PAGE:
Though industrial data for May remained bleak, HSBC’s Purchasing Managers Index (PMI) for manufacturing pointed to a slow, but consistent, improvement in factory output. The index rose to a four-month high of 55 points in June, compared with 54.8 points in May. This was primarily owing to expansion in production, along with an increased demand and new export orders, says a Business Standard report.
It would, however, be too early to consider this a recovery in manufacturing, as PMI data usually contrast with Index of Industrial Production (IIP) data. This is because PMI uses a sample different from that used by IIP. Also, it tracks the sentiment based on surveys, rather than actual production numbers. For instance, PMI for manufacturing rose from 54.7 points in March to 54.9 points in April. However, the IIP during that month grew just 0.1 per cent.
Manufacturing PMI is based on data compiled from monthly replies to questionnaires sent to purchasing executives at about 500 manufacturing companies.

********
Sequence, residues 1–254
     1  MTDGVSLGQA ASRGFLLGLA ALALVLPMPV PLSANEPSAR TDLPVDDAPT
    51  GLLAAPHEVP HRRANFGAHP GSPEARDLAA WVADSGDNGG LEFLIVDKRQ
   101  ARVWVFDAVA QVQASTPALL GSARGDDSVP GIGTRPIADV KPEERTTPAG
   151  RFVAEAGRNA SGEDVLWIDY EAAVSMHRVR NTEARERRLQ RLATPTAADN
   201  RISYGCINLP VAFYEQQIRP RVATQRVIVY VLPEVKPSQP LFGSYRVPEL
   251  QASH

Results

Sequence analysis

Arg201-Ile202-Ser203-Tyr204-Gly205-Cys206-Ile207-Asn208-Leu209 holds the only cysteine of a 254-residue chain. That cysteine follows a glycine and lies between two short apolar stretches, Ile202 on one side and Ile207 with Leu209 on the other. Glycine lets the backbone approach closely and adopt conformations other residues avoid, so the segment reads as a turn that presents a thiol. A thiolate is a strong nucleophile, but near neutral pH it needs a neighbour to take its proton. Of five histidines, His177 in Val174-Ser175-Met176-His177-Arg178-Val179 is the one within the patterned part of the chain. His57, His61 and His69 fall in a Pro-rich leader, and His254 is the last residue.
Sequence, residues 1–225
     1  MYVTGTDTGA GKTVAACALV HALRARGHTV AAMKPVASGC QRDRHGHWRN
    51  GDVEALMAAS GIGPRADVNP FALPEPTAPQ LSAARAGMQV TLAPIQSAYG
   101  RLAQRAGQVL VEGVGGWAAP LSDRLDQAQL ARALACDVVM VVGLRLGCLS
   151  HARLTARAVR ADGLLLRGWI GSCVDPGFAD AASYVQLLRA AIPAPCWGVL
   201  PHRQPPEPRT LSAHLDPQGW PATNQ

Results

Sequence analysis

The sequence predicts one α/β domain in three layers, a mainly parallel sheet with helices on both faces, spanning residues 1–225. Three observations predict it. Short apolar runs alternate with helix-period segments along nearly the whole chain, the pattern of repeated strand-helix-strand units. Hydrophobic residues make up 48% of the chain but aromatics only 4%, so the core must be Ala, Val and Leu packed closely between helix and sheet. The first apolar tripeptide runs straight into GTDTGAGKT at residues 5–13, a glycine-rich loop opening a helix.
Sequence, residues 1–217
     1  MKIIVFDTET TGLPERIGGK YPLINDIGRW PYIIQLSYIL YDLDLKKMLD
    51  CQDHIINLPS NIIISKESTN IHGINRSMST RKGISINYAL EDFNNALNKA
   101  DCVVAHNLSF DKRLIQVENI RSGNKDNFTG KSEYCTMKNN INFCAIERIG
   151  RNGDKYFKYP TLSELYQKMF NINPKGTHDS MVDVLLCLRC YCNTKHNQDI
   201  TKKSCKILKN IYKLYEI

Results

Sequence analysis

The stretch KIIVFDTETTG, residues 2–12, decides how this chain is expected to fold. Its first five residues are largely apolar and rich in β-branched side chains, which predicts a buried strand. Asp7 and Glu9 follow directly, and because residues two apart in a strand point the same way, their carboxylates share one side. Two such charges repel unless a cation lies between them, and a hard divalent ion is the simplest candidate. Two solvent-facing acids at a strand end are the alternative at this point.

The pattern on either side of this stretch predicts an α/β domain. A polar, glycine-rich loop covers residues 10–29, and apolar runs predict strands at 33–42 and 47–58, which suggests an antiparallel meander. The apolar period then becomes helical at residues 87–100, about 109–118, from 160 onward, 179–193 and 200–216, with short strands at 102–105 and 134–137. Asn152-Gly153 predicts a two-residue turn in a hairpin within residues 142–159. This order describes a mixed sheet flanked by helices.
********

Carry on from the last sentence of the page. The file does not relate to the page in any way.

In the PMI, a reading of more than 50 points denotes expansion, while one below that number denotes contraction. In March, the manufacturing PMI rose to 54.7 points, while the IIP contracted 3.5 per cent. The index of eight core industries grew just 3.8 per cent in May.
In June, firms recorded high demand, resulting in more new orders and expansion in output. There was a moderate rise in new export orders as well. This was in contrast to previous months, when output failed to keep up with demand, owing to power cuts.
Though power cuts remained a concern in June, a rise in workforce helped record higher output levels. “Employment expanding at a faster pace helped slow the pace of growth in backlogs,” said Leif Eskesen, chief economist (India & Asean), HSBC.
Input prices continued to rise for 39 successive months. The inflation for input products in June was sharp, and the highest since August 2011. This resulted in higher output prices, as manufacturers passed on high input costs to clients.
“Input and output prices rose at a faster pace than in May, keeping inflation high by historical standards. In light of these numbers, RBI (Reserve Bank of India) does not have a strong case for further rate cuts, as these would add to lingering inflation risks,” Eskesen said.
In the June 18 policy review, the central bank had kept key rates unchanged. Currently, RBI’s repo rate stands at eight per cent, while the cash reserve ratio is 4.75 per cent. Though wholesale price index based inflation stood at 7.5 per cent in May, consumer price index-based inflation was high at 10.36 per cent.